Gender stereotypes: How businesses can tackle them once and for all

Newest Innovations In Consumer Technology On Display At 2014 International CES
Yahoo's Marissa Mayer is one of the few examples of women in tech leadership positions (Source: Getty)

For workplace diversity, 2015 was a landmark year, with Lord Davies’s much-publicised target of having 25 per cent women on the boards of FTSE 100 companies finally being met in October. But we shouldn’t pat ourselves on the back just yet. While progress has undoubtedly been made in the upper echelons of UK Plc, the sad reality is that many businesses are still struggling to fill a range of positions with equal numbers of men and women – none more so than in the tech industry.

Supporting diversity and inclusion is a business imperative. To serve our customers best, it’s crucial that our workforce reflects their vibrant and diverse backgrounds. While it’s absolutely right that we focus on the men and women already within our organisations, genuine long-lasting change will only be realised if we look a little broader. We must focus our efforts on the next generation of workers, those with the potential to create a truly diverse workforce of the future.

An impressionable generation

While much has been done to encourage more girls into Stem subjects, new findings from O2 show that gender stereotypes are continuing to impact the career aspirations of young people. Our research has revealed that many children as young as four view careers in nursing, childcare or social work as better suited to women, while jobs geared towards problem-solvers and logicians – such as in engineering or scientific research – were deemed as more appropriate for men.

More worrying still, despite efforts to break the glass ceiling, when it comes to leadership roles, suits and briefcases continue to dominate, with one in four young people believing that running the country is a job for a man.

Challenging convention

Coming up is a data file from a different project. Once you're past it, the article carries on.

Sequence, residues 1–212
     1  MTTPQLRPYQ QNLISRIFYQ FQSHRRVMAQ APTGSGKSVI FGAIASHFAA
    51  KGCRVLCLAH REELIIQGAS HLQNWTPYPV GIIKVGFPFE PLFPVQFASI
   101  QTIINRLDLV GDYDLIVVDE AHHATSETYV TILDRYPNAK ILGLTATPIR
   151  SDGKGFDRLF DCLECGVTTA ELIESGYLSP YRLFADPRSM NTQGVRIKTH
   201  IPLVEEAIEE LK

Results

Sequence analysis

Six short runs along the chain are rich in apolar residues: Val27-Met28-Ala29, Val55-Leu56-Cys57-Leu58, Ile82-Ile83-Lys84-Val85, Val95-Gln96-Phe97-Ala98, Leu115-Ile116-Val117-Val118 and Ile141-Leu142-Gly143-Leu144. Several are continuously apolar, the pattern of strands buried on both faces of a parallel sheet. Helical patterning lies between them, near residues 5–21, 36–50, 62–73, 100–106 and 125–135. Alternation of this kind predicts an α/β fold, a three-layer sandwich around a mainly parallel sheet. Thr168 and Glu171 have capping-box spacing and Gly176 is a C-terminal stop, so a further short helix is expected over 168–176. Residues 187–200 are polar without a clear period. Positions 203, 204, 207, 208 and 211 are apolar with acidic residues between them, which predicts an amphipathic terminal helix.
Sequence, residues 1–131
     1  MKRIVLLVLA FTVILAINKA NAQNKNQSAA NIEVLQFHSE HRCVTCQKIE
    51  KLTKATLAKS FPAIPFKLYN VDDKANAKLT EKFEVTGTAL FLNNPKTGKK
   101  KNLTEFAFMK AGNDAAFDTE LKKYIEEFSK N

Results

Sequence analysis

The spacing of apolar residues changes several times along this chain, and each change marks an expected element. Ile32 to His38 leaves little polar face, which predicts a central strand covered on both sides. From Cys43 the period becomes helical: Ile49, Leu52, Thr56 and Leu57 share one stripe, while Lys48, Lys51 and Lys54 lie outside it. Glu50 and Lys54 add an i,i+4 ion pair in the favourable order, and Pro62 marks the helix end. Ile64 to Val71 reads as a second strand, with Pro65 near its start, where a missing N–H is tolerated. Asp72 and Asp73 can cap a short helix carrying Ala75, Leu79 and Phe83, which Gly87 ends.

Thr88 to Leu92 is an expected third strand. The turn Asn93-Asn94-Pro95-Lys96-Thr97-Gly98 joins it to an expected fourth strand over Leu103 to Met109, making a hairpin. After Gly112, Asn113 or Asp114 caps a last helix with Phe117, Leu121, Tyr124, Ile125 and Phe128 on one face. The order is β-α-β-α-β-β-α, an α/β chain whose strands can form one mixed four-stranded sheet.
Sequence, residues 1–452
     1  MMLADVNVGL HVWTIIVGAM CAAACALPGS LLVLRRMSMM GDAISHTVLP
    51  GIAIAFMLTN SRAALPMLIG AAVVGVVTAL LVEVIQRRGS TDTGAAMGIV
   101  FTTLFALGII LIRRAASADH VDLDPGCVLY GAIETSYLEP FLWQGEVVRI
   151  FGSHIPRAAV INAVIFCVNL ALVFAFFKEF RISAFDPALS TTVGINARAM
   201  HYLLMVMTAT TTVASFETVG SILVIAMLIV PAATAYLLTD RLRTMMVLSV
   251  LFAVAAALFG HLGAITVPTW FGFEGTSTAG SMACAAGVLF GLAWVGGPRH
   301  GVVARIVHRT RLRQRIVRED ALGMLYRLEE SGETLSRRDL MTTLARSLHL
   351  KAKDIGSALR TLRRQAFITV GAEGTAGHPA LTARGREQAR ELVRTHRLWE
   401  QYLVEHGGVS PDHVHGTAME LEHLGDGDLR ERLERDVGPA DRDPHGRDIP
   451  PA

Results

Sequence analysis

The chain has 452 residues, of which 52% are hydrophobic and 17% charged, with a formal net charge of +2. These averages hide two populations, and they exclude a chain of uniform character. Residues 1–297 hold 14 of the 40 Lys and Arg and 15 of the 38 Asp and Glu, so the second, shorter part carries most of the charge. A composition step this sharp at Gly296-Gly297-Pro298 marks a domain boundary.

As a woman on a board and a mother of two, these findings are deeply disturbing. In a society which has now developed to such an extent that our cars can (almost!) drive themselves, it seems laughable that we still haven’t broken free of outdated ideals painting boys as forthright go-getters and girls as emotionally-savvy arbitrators.

Working as an HR professional in the tech sector, I see both sides of this coin every day. Although progress is undoubtedly being made, the tech sector remains a bit of a “boys club”. And yet within the O2 HR directorate, and many HR teams across the country, women tend to rule the roost. That’s why it’s vital that diversity and inclusion is viewed in the round – boys too are just as susceptible to outdated ideas about which jobs are appropriate for them as girls.

What can business leaders do?

Parents undoubtedly hold significant sway as the main source of careers advice, but business leaders need to take ownership too. Seven in ten secondary school pupils we spoke to would like to hear from local business leaders about jobs in their sector, yet more than half don’t remember a local business person visiting their school in the last year. So what are we all waiting for?

I’m challenging my peers at O2 to dedicate more time to going into schools and speaking to children about the opportunities within the tech sector through our partnership with Speakers for Schools. But we’re only one business. To make a real difference, business leaders across the UK need to step up.

A diverse workforce is a prerequisite to doing good business, so get out there and inspire your future talent – both male and female – to level the playing field once and for all.

Related articles